• Early play in infants tends to be solitary or takes place alongside other children. Young children learn how to interact with other children through play but they can also explore and learn independently. The initial play experience for infants is when they begin to explore through moving and acting upon the world. Many toys offer infants the opportunity to learn more about their world. Young children will sometimes act out some aspect of their lives e.g. going to the shops and then they involve their toys in these activities. These young children are playing independently but they are also reinforcing their understanding of the social world by acting out scenarios.
    Young children can consolidate their existing skills by repeating actions whilst playing a game. Learning to play independently has its benefits, for instance, children using an educational game can control their own pace. Children sometimes choose to work independently in order to build up their confidence. Toys and computer games that facilitate independent activity at the right level for the child enhance problem solving skills and increase hand and eye coordination. Although cooperative play increases during childhood, children still spend the equivalent amount of time in solitary or independent play.
Language Development
  • Introduces the alphabet, letter sounds and vocabulary.
  • Babies start to babble at an early age and this can be seen as the first signs of language. They are predisposed to pick up the sounds of the language that they hear around them. Adults can facilitate babies’ language development by playing with them, focussing on particular toys, reading books and naming everyday objects. The more babies are exposed to language the faster they will begin to pick up it up. There are social skills involved in language acquisition such as realising that it is necessary to wait until the other person has finished speaking. Babies begin to learn about conversational turn-taking from an early age; if a baby is babbling the adult waits for a pause and then talks to the baby. Babies learn to take turns even before they are using words. Social interaction is important for language development and turn-taking games are a fun and educational way for babies and young children to learn.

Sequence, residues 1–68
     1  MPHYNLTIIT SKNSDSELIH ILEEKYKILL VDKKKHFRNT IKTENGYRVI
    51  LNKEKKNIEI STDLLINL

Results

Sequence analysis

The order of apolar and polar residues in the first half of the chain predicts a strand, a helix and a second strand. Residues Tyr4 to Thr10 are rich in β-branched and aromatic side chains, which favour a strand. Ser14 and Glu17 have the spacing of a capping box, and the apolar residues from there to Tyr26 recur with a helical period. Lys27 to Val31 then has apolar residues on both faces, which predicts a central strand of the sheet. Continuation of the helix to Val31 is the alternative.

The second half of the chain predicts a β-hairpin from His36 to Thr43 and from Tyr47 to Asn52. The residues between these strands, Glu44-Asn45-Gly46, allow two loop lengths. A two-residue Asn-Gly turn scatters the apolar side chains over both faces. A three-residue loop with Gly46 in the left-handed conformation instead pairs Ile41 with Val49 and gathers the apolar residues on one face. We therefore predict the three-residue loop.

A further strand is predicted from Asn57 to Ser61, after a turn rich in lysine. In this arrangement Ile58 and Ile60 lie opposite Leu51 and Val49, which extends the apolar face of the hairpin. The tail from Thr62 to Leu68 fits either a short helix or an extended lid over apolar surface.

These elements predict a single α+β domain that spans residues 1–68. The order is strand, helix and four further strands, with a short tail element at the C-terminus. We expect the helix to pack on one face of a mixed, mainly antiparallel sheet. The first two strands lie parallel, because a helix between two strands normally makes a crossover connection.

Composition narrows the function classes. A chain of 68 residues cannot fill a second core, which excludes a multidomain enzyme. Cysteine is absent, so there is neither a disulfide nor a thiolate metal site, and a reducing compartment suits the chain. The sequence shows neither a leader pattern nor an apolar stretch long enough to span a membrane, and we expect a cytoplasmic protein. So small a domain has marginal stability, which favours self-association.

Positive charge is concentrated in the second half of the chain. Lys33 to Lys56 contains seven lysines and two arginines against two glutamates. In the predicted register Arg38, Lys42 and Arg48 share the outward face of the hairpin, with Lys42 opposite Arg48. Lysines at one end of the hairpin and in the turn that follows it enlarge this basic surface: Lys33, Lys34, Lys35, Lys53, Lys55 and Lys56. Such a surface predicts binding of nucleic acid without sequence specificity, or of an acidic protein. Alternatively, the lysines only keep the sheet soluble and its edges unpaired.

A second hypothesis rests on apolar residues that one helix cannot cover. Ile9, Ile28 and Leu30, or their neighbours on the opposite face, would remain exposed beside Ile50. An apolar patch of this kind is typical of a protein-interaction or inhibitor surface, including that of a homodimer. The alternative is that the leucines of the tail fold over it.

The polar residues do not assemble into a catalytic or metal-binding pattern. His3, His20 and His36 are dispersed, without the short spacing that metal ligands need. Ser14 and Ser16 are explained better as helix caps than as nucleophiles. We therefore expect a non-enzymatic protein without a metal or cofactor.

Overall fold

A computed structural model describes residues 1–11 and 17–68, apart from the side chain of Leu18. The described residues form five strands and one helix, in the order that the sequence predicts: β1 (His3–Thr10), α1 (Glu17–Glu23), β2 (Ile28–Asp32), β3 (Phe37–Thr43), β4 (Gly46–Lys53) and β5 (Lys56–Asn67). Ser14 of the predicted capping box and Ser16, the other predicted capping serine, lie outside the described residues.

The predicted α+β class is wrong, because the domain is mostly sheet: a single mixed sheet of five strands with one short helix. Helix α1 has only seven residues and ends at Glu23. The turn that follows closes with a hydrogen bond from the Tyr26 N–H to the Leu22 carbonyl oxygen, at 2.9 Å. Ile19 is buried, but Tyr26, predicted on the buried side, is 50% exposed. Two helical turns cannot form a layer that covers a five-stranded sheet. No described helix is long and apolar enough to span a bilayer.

Young children also need to practice their language skills. Toys that name alphabet letters and everyday words satisfy young children’s need for repetition and rehearsal when practicing words and sounds. For instance, young children can press a button repetitively to hear the same sound or word again. Babies and children learn a lot through repetition and pick up words rapidly in this way. Once children begin to read their vocabulary expands enormously.
  • Play and talk just like mum and dad on your very first smart phone.
  • Make a real phone book by entering up to 5 phone numbers.
  • Learn by playing 10 games and apps that feature letters, numbers, time concepts, counting, letters, letter order and much more.
  • Personalise your toy phone and choose from 5 fun ringtones.
  • With voice activation your little one can chat with a friendly bird or pretend to call friends and family.
Best for ages:
2 to 5 Years
Highlights
Play and talk just like mum and dad on your very first smart phone. 10 games and apps feature letters, numbers and more.
Description
Learning’s on the line with the Talk & Learn Smart Phone by VTech®. Play and talk just like mum and dad on your very first smart phone. Make a real phone book by entering up to 5 phone numbers. Learn by playing 10 games and apps that feature letters, numbers, time concepts, counting, letters, letter order and much more. Personalise your toy phone and choose from 5 fun ringtones. Plus, with voice activation your little one can chat with a friendly bird or pretend to call friends and family. Get talking and learning with the VTech Talk & Learn Smart Phone.
  • Product Number: 80-139303
  • 2 x AAA Batteries Required